The 1 July 2012 changes


The changes which came into effect on 1 July 2012 basically gut the business visa system.

The subclass 845 established business visa simply ceased to exist on 1 July 2012. But there are still subclass 845 applications working their way through the appeal system and the writer has a couple of those.

All 160 series visa applications had to be lodged before 1 July 2012. These are the Business Skills (Provisional) (Class UR) class which consists of these  Subclasses:

160      (Business Owner (Provisional))

161      (Senior Executive (Provisional))

162      (Investor (Provisional))

163      (State/Territory Sponsored Business Owner (Provisional))

164      (State/Territory Sponsored Senior Executive (Provisional))

165      (State/Territory Sponsored Investor (Provisional))

But these are still valuable visas and anyone holding one of these visas still has a pathway to permanent residence via the Business Skills (Residence) (Class DF) in which the subclasses are :

890 (Business Owner)

891 (Investor)

892 (State/Territory Sponsored Business Owner)

893 (State/Territory Sponsored Investor)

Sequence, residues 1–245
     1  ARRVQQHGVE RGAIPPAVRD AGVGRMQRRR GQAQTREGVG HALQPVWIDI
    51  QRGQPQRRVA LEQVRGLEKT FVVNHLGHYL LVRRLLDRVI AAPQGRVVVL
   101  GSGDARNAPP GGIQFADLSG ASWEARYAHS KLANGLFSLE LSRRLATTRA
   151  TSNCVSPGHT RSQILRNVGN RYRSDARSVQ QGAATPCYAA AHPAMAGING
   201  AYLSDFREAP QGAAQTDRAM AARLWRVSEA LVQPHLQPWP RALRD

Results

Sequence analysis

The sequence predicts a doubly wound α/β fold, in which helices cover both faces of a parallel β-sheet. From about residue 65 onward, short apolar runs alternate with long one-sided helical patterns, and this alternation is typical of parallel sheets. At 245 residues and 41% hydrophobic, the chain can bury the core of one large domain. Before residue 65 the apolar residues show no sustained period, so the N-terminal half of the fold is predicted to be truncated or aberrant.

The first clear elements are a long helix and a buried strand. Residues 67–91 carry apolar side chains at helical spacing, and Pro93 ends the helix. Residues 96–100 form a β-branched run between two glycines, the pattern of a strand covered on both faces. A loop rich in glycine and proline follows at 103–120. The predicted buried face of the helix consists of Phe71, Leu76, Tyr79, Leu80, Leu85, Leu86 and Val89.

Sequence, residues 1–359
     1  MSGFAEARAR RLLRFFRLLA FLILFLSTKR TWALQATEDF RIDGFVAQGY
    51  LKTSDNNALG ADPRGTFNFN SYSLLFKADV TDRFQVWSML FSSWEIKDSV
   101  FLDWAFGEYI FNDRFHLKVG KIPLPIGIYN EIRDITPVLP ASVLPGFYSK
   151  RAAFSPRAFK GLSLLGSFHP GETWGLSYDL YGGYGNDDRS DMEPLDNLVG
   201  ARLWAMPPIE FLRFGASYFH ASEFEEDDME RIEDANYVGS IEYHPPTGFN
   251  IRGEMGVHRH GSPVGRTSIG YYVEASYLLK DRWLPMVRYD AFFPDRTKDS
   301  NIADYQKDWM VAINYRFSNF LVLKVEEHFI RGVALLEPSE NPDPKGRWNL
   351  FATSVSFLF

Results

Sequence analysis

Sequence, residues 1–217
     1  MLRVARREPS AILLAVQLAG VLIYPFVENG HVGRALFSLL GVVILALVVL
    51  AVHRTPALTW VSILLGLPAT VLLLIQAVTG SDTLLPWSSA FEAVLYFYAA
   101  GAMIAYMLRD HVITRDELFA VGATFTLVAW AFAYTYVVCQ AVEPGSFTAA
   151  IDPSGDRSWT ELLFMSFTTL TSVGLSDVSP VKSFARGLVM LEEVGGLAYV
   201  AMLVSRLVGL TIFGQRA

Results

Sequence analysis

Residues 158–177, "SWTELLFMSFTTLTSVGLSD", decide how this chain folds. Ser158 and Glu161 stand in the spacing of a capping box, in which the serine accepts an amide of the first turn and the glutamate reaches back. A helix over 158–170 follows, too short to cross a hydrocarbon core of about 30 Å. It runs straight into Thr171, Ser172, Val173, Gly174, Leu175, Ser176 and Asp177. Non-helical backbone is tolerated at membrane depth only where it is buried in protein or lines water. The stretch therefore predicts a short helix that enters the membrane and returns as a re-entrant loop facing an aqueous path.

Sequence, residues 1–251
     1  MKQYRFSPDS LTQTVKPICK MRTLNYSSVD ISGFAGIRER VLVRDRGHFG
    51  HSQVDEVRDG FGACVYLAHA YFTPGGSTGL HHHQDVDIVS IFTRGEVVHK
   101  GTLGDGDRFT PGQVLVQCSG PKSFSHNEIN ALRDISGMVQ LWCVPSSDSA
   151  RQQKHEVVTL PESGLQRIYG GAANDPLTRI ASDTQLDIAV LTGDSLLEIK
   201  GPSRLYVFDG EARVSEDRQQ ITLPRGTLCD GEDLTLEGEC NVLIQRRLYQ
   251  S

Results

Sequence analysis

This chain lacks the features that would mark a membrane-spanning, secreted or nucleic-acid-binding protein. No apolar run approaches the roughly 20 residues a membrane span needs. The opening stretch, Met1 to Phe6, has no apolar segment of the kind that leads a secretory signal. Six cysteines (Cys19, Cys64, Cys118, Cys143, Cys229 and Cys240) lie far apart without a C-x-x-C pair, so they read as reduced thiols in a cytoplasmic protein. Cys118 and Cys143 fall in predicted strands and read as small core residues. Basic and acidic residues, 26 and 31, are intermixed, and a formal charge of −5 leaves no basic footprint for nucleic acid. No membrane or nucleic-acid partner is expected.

But because the 160 series visas are prerequisites for the 890 series visas ultimately the 890 series visas will come to an end.

Because there will be a group of people who got their 160 series visas after 1 July 2012, these visa will be around and current up to 2016 and possibly even early 2017.   Proper planning needs to be done for such visa holders to ensure they meet the criteria for the 890 series visas.  Immigration reported in May 2015:

The Department… continues to focus on ‘complete’ applications lodged with audited ASIC financials. A complete application is one that provides all information necessary for a Visa Processing Officer to be able to decide an application at initial assessment.

Audited financials are not essential as far as the regulatory criteria are concerned. However a limited audit would be of assistance.

As a last resort subclass 160 visa holders could apply for subclass 457 visas assuming they have viable businesses as ‘self-sponsored’ applicants via their own companies. This then leads to permanent residence via the ENS visas.

All subclass 160 series visa holders must be advised to work on their English, at least, to obtain vocational English so that the pathway via the subclass 457 visa is not cut off.  Family members of primary visa 160 series holders also have the pathway of student visas.